At 233m and in the heart of the far east’s gambling capital, this is the world’s highest bungee jump from a building. You leap from the outer rim of the giant tower, with mainland China just visible if you squint. Hackett and his team had to develop a “second-generation bungee cord” for the site, due to the height and need for it to fall straight, rather than swing.
+853 8988 8656, ajhackett.com, single jump £210 including T-shirt

The Last Resort, Tatopani, Nepal

The Last Resort, Nepal

Photograph: Alex Treadway

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Located on a ridge overlooking the rapids of the Bhote Kosi river, about 60 miles east of Kathmandu and just seven miles from the Tibetan border, this adventure-mad resort is home to whitewater rafting, canyoning and the country’s only bungee jump. It is surrounded by jungle and you plummet 160m from the bridge towards the raging Bhote Kosi below.
+977 1 47012477, thelastresort.com.np, single jump £62 including lunch and transport from Kathmandu

Niouc Bridge, Val d’Anniviers, Switzerland

Nicknamed “Spider Bridge” due to its cobweb of cable wires, the 190m-high Niouc is the world’s highest suspension footbridge and one of the loftiest jumps in Europe. Before diving from the shaky structure, you can take in the typically vivid blue skies as well as the sublime views of the Navizence river and surrounding Alpine peaks.
+41 79 447 28 00, bungyniouc.com, single jump £142

Extremo Park, Monteverde, Costa Rica

Costa Rica zipwire

Latin America’s highest bungee jump is also one of the newest. Adrenaline junkies leap from a tram suspended by a series of cables, which stand 143m above the Central American cloud forest, totally exposed to the area’s often wet and windy conditions. It’s set in a park that also lets you explore the jungle canopy with an extensive circuit of ziplines (pictured) and a Tarzan swing.
+506 2645 6058, monteverdeextremo.com, single jump £38

Europabrücke, Innsbruck, Austria

This huge structure, the name of which translates simply as “Europe’s Bridge”, stretches 657m across the Wipp Valley, rising 192m above the Sill river, just south of Innsbruck. Carrying the Autobahn that stretches through the Alps between Austria and Italy, the bridge was, from 1959 to 1963, the highest on the continent. Standing on its edge will perhaps be the smallest you’ll ever feel.
+43 316 688 777, rupert-hirner.at, single jump £125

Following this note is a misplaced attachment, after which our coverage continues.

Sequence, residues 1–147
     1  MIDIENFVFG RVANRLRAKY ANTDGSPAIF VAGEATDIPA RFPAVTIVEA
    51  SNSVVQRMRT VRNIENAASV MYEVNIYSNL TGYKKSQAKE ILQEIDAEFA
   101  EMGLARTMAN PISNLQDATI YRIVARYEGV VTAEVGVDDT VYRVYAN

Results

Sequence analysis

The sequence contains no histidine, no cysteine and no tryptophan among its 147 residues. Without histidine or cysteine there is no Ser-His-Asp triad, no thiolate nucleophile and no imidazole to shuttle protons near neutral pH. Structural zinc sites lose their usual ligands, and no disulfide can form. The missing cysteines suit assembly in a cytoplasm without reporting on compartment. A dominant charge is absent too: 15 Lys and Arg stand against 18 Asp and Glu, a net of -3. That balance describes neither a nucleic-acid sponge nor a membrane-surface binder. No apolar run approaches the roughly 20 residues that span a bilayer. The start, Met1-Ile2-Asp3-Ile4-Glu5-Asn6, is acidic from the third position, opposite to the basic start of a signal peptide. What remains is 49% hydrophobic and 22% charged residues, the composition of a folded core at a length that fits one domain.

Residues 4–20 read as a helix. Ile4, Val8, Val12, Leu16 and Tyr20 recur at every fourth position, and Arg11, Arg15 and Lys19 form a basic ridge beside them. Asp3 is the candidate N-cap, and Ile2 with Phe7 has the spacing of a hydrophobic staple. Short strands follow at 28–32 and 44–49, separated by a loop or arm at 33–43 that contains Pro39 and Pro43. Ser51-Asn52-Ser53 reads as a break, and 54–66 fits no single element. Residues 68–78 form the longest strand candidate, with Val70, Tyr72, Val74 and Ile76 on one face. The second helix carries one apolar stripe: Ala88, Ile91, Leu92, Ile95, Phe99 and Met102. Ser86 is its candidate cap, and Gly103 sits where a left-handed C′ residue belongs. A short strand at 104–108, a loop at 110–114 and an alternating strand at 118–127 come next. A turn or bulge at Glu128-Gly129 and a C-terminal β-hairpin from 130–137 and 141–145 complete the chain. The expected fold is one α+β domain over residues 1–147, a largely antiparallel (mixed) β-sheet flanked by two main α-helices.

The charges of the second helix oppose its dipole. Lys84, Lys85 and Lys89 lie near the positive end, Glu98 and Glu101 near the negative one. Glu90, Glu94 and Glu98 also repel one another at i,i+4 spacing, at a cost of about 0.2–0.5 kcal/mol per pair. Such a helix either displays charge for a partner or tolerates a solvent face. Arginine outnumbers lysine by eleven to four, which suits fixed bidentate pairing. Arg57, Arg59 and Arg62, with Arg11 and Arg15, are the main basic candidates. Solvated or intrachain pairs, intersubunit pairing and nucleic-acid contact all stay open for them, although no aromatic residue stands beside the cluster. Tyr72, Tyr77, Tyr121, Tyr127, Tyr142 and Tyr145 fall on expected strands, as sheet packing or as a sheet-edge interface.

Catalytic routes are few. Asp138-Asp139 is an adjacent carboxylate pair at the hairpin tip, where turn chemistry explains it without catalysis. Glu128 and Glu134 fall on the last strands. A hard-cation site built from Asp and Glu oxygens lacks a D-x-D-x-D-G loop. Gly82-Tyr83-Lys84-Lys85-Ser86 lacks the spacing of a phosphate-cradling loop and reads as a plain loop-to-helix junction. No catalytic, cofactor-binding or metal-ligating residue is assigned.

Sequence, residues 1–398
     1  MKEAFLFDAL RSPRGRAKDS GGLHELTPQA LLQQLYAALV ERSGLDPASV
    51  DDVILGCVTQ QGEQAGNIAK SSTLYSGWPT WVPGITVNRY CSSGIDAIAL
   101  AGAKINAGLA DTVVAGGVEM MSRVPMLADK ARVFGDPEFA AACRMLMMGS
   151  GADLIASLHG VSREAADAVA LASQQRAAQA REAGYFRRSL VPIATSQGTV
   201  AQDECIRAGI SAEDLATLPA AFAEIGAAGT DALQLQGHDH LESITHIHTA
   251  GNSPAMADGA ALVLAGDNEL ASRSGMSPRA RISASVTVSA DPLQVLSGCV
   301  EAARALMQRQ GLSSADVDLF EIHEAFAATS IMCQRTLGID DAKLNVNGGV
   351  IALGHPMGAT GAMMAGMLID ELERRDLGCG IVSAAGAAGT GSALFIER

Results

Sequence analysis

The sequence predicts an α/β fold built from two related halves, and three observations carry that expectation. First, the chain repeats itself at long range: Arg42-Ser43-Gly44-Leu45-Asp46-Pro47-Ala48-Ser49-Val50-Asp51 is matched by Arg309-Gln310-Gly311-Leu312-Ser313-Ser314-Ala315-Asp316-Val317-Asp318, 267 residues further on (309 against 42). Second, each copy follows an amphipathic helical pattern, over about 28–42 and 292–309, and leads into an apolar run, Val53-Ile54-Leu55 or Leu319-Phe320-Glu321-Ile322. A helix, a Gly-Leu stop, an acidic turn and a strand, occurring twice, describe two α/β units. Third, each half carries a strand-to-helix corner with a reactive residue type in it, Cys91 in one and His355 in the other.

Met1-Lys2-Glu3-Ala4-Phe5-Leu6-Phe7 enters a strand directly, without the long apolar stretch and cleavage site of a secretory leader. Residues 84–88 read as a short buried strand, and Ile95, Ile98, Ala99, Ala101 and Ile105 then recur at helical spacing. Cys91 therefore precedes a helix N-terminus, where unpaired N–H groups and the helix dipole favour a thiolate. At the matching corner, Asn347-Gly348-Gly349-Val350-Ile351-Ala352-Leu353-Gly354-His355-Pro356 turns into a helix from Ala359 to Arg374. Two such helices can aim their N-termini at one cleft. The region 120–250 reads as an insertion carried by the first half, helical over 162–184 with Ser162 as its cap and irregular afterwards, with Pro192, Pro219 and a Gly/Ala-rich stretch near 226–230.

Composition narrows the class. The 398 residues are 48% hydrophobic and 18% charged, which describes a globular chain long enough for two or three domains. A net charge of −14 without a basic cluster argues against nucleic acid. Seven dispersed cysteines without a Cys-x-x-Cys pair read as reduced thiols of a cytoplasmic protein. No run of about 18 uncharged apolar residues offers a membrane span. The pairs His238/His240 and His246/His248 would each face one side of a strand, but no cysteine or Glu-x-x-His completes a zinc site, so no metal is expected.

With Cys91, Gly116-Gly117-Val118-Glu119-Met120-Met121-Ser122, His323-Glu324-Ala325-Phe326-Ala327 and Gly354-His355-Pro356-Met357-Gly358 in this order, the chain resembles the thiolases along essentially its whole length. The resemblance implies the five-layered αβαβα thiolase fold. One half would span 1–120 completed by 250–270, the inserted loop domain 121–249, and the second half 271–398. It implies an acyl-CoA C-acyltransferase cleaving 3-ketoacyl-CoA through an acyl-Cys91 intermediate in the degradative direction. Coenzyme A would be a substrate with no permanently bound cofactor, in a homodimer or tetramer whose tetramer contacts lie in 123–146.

If you have a video of your own bungee jump, we’d love to see it. Click on the blue ‘contribute’ button to take part

What I learned about fear after bungee jumping for the first time

Bungee Jumping at Victoria Falls

A few months ago, while vacationing in New Zealand, I bungee jumped off the famous Kawarau Suspension Bridge, plummeting over 140 feet and dipping slightly into the icy cold water of the Kawarau River. Known as the birthplace of commercial bungee jumping and just a 20-minute drive from Queenstown, it was one of the most exhilarating, terrifying and important moments of my life.

As I look back on that day, continuously answer questions from friends and family about my sanity and review the photos and videos, I keep going back to what I learned about myself and about life in that short window of time. Here are the six things I took away from the experience.

1. Be kind and support one another — it goes a long way

A particularly relevant takeaway for the current moment, this goes way beyond bungee and is one I think all of us could do much better at every day.

When I arrived on the bridge where they harness you up, there were two women in front of me, one from England who’d completely psyched herself out and was shaking after standing there for 20 minutes. Another from Australia who’d just arrived, saw the other girl freaking out, and immediately went into her own state of panic. This didn’t help my nerves, but I was mentally ready. We all started talking, emphasizing what a beautiful place we were in, how lucky we were just to have this opportunity, and convincing ourselves that of course we could do this. Also, shoutout to the jump team who I’m sure deals with this regularly and was nothing but supportive. From there, the three of us jumped in succession.

None of us had ever met before and we may never meet again, but for one short stretch of time, we were the support group that we all needed. Be kind to one another. You never know how much it might help that other person.

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Related

TMRW x TODAY How this writer changed her relationship to fear and transformed her life

2. Trust the process